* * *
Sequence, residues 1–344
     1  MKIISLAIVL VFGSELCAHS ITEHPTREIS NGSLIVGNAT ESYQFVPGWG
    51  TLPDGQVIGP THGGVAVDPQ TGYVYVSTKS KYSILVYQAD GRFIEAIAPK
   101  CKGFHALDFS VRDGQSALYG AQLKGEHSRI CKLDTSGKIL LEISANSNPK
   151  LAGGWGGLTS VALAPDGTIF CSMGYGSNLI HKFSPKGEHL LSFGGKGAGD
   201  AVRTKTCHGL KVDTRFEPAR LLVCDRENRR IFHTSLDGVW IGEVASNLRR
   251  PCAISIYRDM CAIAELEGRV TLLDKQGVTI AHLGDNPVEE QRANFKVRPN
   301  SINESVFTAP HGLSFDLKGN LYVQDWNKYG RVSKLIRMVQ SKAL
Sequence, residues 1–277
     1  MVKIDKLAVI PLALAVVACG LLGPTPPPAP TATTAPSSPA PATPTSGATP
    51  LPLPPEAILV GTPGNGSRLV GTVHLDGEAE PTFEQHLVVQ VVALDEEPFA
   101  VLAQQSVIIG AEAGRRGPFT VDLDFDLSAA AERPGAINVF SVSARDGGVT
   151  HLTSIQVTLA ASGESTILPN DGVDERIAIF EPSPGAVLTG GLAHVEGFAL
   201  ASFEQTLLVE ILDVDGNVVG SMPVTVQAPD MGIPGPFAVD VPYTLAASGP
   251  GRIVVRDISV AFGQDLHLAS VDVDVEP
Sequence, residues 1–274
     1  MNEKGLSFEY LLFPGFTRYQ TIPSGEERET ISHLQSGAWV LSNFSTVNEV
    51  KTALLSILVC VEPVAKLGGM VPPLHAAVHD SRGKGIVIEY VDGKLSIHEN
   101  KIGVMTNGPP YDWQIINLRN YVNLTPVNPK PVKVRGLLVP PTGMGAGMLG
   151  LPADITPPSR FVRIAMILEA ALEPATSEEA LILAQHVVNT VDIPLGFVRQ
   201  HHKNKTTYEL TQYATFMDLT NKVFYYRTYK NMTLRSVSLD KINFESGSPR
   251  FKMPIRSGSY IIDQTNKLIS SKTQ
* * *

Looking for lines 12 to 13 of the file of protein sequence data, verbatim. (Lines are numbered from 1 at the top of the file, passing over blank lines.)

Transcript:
   101  VLAQQSVIIG AEAGRRGPFT VDLDFDLSAA AERPGAINVF SVSARDGGVT
   151  HLTSIQVTLA ASGESTILPN DGVDERIAIF EPSPGAVLTG GLAHVEGFAL